A CNN/ORC survey taken Oct. 18-20 found that respondents opposed the law, 56 to 41 percent. But when pressed further, 12 percent – nearly a quarter of those who opposed the law – said it wasn’t liberal enough. Only 38 percent of the entire sample – less than the number who favored the law – said it was too liberal. In a CBS News poll taken Oct. 18–21, a majority disapproved of the law, 51 to 43 percent. But when pressed as to why, the numbers turned upside-down. The percentage who said the law went too far dropped to 43. Twenty-nine percent said the law was about right, and 22 percent – nearly all of them Democrats and independents – said it didn’t go far enough.
Now comes a second NBC/Journal poll, conducted Oct. 25–28. The numbers look grim: Forty-seven percent say Obamacare is a bad idea, up from 43 percent in early October. When they’re asked whether the law “is working well the way it is,” “needs minor modifications to improve it,” “needs a major overhaul,” or “should be totally eliminated,” only 6 percent say it’s working well as is. But among the remaining options, 38 percent of respondents say the law needs minor modifications, 28 percent say it needs a major overhaul, and only 24 percent say it should be completely eliminated.
What does Fred think?
Again, Fred is our archetypal median voter. Fred is with the majority in any two-option poll, but that doesn’t mean Fred is with the largest bloc in any multi-option poll. Instead, Fred will fall into the median bloc. If a poll says 32% of voters want A, 25% want B, and 43% want C – and if those options logically progress from A-to-B-to-C – then Fred is at the 50% point … in the Bs.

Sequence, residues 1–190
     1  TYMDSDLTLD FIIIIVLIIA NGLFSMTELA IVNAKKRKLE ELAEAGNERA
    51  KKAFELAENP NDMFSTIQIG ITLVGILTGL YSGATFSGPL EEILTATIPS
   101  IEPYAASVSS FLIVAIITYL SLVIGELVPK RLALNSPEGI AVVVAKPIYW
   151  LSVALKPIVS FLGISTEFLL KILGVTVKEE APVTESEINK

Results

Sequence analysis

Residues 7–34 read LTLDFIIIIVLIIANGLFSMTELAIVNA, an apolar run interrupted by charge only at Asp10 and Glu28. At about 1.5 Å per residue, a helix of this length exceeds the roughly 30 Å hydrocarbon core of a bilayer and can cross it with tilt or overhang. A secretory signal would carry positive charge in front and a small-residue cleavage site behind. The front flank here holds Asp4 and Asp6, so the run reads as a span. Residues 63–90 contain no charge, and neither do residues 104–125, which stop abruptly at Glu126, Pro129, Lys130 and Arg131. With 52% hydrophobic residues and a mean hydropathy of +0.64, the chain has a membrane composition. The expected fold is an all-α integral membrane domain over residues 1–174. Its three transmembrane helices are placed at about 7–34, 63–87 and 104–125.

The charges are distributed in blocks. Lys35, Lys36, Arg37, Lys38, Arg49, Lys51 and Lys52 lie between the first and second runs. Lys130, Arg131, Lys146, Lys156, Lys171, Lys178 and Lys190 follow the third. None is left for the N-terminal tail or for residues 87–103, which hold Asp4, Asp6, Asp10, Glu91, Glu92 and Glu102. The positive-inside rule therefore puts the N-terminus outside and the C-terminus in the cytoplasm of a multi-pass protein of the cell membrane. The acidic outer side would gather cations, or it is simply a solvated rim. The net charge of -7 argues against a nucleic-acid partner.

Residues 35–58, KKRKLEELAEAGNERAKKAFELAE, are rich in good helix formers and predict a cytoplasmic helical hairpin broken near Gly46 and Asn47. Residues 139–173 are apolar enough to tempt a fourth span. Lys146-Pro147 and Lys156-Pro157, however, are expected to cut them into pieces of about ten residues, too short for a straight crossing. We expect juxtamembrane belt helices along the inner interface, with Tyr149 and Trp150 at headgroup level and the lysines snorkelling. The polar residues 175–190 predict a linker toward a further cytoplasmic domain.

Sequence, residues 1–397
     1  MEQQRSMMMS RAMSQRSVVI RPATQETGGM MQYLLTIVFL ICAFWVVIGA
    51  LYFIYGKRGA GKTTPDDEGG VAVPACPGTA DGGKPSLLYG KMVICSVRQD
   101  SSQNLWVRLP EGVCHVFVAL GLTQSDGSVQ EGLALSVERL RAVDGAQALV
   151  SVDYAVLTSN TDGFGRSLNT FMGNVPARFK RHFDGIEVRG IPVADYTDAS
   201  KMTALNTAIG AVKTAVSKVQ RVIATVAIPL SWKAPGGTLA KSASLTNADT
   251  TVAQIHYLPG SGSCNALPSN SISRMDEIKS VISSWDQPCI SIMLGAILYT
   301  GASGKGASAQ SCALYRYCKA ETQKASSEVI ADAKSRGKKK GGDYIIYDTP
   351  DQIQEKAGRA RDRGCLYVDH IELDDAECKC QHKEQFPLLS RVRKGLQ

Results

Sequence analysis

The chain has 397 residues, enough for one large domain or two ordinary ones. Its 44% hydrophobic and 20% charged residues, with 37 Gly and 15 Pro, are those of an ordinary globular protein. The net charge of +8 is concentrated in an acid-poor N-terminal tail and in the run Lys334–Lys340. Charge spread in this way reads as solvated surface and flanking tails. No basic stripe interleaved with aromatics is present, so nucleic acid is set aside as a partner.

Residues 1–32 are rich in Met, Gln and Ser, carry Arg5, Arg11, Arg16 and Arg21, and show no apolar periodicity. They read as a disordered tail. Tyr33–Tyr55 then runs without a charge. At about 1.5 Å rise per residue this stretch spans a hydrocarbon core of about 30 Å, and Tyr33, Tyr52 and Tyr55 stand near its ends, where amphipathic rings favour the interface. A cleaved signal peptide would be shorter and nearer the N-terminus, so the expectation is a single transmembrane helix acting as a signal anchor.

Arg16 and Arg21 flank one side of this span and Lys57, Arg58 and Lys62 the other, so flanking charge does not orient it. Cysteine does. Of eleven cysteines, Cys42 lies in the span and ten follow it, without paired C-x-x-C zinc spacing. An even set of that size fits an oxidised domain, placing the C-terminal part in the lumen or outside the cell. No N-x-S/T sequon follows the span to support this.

What does that mean on the ACA? According the polls Saletan cited:
- In the October 1-2 CBS News poll, Fred thinks the ACA is “about right.”
- In the October 7-9 NBC News/WSJ poll, Fred did not say the ACA was good or bad, and opposed defunding the law.
- In the October 12-23 Gallup poll, Fred is within the margin of error between leaving the law as it is and scaling it back.
- In the October 18-20 CNN/ORC poll, Fred is with the 41% minority who support the ACA, not the 38% who think it’s too liberal or the 12% who think it’s not liberal enough.
- In the October 25-28 NBC/WSJ poll, Fred is within the margin of error between thinking the law needs “a major overhaul” and thinking it needs only “minor modifications.”
Taking all of that together, the data say Fred wants to give the law a chance to work, and fix its problems. If those problems turn out to be minor, as President Obama and leading health policy analysts predict, Fred will want minor changes.
Fred probably won’t see any immediate impact himself …
— Justin Wolfers (@JustinWolfers) October 31, 2013
… but if the ACA helps Fred or someone he knows get better coverage at the same or less out-of-pocket cost – especially if he or they get premium rebates next year – the data suggest Fred will like the law a lot.
And that’s exactly why Republicans are working so hard to break it.